What should the first date be: I like to avoid dinner if you can, unless you’ve screened your date on a phone call or FaceTime first. A drink is fine, but coffee is better. Remember that on a first date, the person you connected with on the little internet box might be totally different in real life than you were expecting. I showed up to a first date at a Starbucks and realized pretty quickly that the guy I had been chatting with for a few days was super weird and looked nothing like his photos–thankfully it was just a coffee date and I bailed out of there after 20 minutes of small talk! Never, ever go to someone’s house or apartment (or have them over to yours), and don’t have them pick you up, either. Get yourself there and back, and only meet in a public place. Always, always prioritize your safety over anything else. And always try to have a friend who knows where you’re going and when, who you can call after to debrief!
How do you screen people: This depends entirely on what you’re looking for! Always look for respectful discourse in the chats and listen to your gut if someone is giving you a weird vibe.
As for how and when I felt ready to date again after going through a big breakup (and then Year One of Covid…), that took time and working through the past in therapy. There was a natural slowing in our sessions that happened over the course of a few months. My therapist actually pointed it out to me first–that I seemed to be in a much better place than when we started our sessions together, and might be ready to start dating again. I held off for a long time because I wanted to make sure that I was in the right headspace to actually get into a relationship if I found the right person. I do think in some cases it makes sense just to throw yourself in the pool when you feel you’re not totally ready (a little push is sometimes a good thing!) but for me, I wanted to go into dating with a super positive, optimistic attitude, so I waited until I got there on my own.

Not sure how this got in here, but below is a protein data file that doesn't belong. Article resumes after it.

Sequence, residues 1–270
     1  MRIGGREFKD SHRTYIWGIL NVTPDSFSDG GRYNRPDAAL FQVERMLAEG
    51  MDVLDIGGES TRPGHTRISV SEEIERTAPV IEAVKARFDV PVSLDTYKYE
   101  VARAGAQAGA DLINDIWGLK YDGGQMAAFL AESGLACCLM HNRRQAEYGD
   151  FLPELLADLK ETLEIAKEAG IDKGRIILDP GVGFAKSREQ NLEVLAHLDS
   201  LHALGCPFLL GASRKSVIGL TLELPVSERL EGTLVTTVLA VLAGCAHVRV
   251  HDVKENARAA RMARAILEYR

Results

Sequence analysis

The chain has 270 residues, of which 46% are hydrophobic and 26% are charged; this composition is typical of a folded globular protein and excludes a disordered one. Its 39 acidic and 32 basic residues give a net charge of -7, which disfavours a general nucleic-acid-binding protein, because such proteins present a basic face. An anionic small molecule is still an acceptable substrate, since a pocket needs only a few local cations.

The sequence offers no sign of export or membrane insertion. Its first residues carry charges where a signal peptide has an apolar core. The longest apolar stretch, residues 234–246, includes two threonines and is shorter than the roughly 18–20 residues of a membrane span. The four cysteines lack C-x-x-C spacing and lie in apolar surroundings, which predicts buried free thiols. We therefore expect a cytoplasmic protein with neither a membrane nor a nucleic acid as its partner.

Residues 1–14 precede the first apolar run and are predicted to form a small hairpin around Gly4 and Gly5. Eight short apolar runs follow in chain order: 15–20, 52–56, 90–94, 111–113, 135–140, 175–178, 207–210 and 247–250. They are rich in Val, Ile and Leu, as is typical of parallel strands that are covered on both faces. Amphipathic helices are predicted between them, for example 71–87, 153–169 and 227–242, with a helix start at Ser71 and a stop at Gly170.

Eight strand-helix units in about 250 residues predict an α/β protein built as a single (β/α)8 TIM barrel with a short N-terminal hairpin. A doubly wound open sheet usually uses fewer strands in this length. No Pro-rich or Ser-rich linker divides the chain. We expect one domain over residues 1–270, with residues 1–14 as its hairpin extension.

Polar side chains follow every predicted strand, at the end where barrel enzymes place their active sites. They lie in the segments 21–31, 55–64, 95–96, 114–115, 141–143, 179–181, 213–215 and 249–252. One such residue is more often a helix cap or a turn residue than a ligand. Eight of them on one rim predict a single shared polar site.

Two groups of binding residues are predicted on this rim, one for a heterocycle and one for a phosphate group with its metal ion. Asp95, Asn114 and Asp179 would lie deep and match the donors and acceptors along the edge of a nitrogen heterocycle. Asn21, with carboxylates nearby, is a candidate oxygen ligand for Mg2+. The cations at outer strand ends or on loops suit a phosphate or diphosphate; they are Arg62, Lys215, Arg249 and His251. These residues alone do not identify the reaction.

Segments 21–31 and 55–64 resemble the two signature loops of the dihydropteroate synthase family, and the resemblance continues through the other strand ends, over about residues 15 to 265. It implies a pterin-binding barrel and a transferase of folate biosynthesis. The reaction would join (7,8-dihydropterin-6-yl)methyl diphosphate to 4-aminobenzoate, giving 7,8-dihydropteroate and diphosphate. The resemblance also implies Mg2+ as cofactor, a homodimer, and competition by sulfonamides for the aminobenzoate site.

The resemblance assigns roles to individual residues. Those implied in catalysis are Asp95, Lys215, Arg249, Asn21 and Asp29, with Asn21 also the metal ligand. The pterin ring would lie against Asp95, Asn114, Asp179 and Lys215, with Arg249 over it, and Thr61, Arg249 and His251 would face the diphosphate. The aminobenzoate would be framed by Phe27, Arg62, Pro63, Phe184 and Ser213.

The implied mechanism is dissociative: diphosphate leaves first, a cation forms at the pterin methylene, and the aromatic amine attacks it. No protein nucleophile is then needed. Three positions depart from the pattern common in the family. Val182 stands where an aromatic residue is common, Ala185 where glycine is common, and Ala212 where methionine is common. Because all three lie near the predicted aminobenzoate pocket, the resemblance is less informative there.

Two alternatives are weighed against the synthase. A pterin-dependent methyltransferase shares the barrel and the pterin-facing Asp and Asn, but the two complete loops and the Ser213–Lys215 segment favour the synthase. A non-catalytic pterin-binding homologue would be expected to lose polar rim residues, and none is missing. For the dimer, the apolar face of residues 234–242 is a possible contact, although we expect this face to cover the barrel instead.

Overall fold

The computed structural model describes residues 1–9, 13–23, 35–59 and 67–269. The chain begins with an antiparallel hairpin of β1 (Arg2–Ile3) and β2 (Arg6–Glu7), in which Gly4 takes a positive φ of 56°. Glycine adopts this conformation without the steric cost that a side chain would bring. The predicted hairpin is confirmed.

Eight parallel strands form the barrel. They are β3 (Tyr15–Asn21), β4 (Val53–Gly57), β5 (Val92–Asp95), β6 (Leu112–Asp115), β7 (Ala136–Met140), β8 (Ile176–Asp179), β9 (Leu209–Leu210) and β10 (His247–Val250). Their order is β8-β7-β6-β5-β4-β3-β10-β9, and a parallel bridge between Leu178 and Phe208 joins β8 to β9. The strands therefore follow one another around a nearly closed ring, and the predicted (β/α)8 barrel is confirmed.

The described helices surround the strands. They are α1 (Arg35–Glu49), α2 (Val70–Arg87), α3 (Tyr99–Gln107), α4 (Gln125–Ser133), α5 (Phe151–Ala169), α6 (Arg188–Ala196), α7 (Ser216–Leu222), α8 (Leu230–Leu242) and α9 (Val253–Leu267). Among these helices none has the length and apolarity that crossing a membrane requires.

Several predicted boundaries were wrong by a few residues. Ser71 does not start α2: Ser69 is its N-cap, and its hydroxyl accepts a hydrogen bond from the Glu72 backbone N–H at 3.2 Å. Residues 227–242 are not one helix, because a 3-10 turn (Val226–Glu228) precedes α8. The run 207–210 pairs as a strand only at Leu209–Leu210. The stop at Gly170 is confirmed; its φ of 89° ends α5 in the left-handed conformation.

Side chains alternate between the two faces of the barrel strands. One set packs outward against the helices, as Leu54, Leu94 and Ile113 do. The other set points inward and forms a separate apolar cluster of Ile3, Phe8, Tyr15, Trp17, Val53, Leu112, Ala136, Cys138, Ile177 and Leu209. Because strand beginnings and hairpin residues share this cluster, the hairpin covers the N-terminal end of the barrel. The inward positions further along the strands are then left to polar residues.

I completely relate to you saying that you want to do your homework in this period before you’re ready to date again (more than you know, haha)–seek out some friends who have met their partners online or after a divorce, take them out for a drink, and ask them to tell you about their experiences. Online dating is extremely common these days, and leaning on friends who have been there before is essential! Hearing other people’s stories should make the whole process feel a little less intimidating. I promise it’s not as bad as you think, and expands your dating pool exponentially.
GOOD LUCK, and I hope that your first foray into the online dating world is mostly stress-free, and dare I say… fun?
Hi Kelly. I’m 30 years old and have never been in a romantic relationship. I’m very independent and quite comfortable being single, but as I get older I become more and more concerned that my lack of relationship experience will be a turnoff or red flag to potential partners. How should I address this or best answer questions from dates about my lack of relationship experience? – Old Maid
First of all, it hurts my heart to know that we’re living in a world where a 30-year old woman will willingly categorize herself as an “old maid.” I’m a few years older than you, and I still feel young as hell. We as a collective need to do everything we can to shatter the illusion that a woman’s worth is tied to her youth or relationship status. I looked up the origins of the term “old maid” online and learned that in addition to meaning an unmarried childless woman, it also means an unpopped kernel in a pot of popcorn. I like that! Maybe you just haven’t popped yet.